Labour gang victim Christopher Nicholls' death still a mystery
The death of a man who worked for a family of jailed travellers will remain a mystery.
How the skeletal remains of Christopher Nicholls, from the Bath area, ended up in a shed close to where the notorious Connors family lived in Gloucestershire will never be known, an inquest was told yesterday.
Mr Nicholls, 41, was picked up by the Connors a decade ago to work with dozens of others on their patio and driveway business. The men – often homeless or addicts – were beaten and forced to work for as little as £5 a day.
Gloucestershire Coroner's Court heard Mr Nicholls was found in May 2008 in a derelict garden shed in Staverton – close to where the Connors lived at Beggar's Roost traveller site.
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Police believe he had been "fly-tipped" by the Connors because he was no longer able to work for them because of his injuries.
Deputy Gloucestershire Coroner David Dooley recorded an open verdict because he did not have enough evidence to support a more substantive conclusion.
Mr Nicholls had a history of alcohol and drug addiction and not seen his father since 2002 and his two children since 2005.
The last confirmed sighting of the former insurance salesman was in March 2005, at a medical appointment.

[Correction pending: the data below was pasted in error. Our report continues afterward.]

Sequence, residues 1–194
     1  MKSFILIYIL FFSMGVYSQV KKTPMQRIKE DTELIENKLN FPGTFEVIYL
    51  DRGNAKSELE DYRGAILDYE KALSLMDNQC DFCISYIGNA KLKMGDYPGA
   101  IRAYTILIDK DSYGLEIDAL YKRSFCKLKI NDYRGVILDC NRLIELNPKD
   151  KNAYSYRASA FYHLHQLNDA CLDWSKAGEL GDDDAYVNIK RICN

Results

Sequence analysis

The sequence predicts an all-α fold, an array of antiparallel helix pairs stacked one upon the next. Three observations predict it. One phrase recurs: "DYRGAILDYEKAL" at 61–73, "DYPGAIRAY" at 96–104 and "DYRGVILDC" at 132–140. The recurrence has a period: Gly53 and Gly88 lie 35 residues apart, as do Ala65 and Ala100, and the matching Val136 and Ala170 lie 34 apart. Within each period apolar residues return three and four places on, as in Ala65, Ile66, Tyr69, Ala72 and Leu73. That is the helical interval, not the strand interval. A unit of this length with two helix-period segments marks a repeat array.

The hearing was told that in October 2004, Mr Nicholls was involved in an accident with a van outside the traveller site and suffered serious head injuries.
He was treated in hospital in Bristol but the accident left him incontinent and with speech and memory problems. He would have needed lifelong medication and returned to live with the Connors.
Months later, Mr Nicholls tried to make a claim for compensation for his injuries and contacted a solicitor.
Detective chief inspector Dave Sellwood, who led the inquiry into the Connors, told the inquest that Mr Nicholls and another street drinker called Edward McCann were picked up by William Connors towards the end of 2000 as they hitchhiked, were offered work and accommodation, and taken to Cheltenham.
"Edward McCann stated they were paid a pittance, not even a tenner a day," Mr Sellwood said.
"Both of them gave their benefit books to Brida Connors and neither ever saw the benefits again. Sometimes the Connors would buy them food.
"During our inquiry we identified 37 men who had worked for the family in this way. Christopher Nicholls was one such man."
A post-mortem examination could not confirm any cause of death due to the decomposition of the remains. Mr Nicholls was identified by DNA.
Mr Nicholls's father John and step-mother did not attend yesterday's hearing, although his daughter Donna did. She did not wish to speak after the inquest.